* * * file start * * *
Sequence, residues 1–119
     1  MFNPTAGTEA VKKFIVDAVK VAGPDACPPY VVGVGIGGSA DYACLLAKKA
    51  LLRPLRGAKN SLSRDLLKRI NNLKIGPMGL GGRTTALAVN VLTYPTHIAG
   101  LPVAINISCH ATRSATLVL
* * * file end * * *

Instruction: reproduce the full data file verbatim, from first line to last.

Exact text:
Sequence, residues 1–119
     1  MFNPTAGTEA VKKFIVDAVK VAGPDACPPY VVGVGIGGSA DYACLLAKKA
    51  LLRPLRGAKN SLSRDLLKRI NNLKIGPMGL GGRTTALAVN VLTYPTHIAG
   101  LPVAINISCH ATRSATLVL